Posted: Thursday March 24, 2005 3:06PM; Updated: Thursday March 24, 2005 3:10PM
Coaching men would bring new challenges to Pat Summitt.
There has been more than a little discussion lately about whether Tennessee women's basketball coach Pat Summitt would be a good choice to lead the Vols' men's squad, which hasn't been relevant on the national scene since Bernard King and Ernie Grunfeld were tearing it up in the 1970s. After all, now that Summitt has more career wins than Dean Smith, perhaps it's time for her to move on to a bigger challenge. And at a school where men's hoops lags way behind football and women's ball, that job would be quite a challenge.
But Summitt should resist any temptation to switch genders. Wait, that didn't come out right. How about, "She should resist any temptation to switch over to coaching the men." That's better. And it's good advice, but not for the reasons you might think.
The 800-pound gorilla in this argument is whether Summitt deserves to lay claim to the title as "all-time winningest Division I basketball coach." In a purely statistical consideration, she does. No other D-I boss has more victories. That's simple addition. But comparing the women's and men's games is like comparing, well, women and men. They're completely different categories.
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Sadaharu Oh hit more home runs than Hank Aaron, but nobody is going to say the two men are comparable, since Oh played in Japan, and Aaron played in the U.S. John Gagliardi won more football games than Bobby Bowden. Again, a difference: Gagliardi coached in Division III, while Bowden has spent much of his time in the I-A ranks. (Except for that Samford thing, but that's a different column.) And Summitt has more wins than Smith. Congratulations. But we're talking about two different sports. Not better or worse. Different. Smith is the men's wins champion, and Summitt holds the women's title. Two different sports, two different leaders.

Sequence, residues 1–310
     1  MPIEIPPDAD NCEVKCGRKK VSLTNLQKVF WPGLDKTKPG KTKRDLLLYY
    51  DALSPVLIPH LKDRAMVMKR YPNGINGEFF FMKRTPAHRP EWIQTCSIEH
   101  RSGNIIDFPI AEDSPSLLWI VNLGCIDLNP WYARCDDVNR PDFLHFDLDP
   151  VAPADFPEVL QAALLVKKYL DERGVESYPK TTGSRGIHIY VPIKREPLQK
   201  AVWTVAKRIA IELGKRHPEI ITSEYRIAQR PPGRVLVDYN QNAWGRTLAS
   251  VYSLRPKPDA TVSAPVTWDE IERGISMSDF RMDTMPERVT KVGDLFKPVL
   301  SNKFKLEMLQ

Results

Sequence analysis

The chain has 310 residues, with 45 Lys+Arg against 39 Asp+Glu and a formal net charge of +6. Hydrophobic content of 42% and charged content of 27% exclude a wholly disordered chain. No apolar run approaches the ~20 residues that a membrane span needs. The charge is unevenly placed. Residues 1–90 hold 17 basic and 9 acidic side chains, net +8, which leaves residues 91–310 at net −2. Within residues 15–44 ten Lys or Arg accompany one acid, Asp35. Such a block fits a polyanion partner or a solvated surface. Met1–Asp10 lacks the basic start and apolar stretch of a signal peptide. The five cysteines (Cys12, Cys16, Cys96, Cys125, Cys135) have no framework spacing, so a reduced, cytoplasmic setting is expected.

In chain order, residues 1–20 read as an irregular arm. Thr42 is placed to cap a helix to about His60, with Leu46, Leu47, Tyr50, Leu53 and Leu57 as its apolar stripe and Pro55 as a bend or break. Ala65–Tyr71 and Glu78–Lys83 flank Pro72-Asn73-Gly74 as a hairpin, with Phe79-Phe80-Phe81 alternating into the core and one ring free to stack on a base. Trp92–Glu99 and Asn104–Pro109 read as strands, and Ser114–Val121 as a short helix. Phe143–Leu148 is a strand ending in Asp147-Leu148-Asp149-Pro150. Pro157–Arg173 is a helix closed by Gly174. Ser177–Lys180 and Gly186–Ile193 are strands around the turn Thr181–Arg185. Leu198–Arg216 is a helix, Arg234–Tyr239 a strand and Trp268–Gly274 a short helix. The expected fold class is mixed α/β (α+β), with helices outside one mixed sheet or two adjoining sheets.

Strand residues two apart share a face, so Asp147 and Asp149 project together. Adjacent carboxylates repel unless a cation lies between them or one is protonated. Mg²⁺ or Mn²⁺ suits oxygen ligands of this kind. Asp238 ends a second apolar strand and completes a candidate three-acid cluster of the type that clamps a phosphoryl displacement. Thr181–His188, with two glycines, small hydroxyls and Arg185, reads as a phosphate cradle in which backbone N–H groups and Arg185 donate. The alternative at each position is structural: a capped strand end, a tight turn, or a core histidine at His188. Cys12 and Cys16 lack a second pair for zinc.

The reason Summitt shouldn't consider taking the men's job -- and El Hombre doesn't think she has given it any serious thought -- is that she could end up damaging the women's game by doing so. She is a giant in her sport, the most successful coach ever and the builder of the program every other schools wants to emulate. If she were to take over the UT men's team and not win big, there would be considerable joy among those who consider women's college basketball an inferior animal.
Now, El Hombre is no fan of women's ball, but the sport has made amazing strides since its AIAW days and in 10-15 years, could rival the men's game in popularity. Could. And, with the federal government laying siege to Title IX, in effect limiting athletic opportunities for females, women's sports in this country don't need any more heat, from sage columnists or anybody else. So, a truce.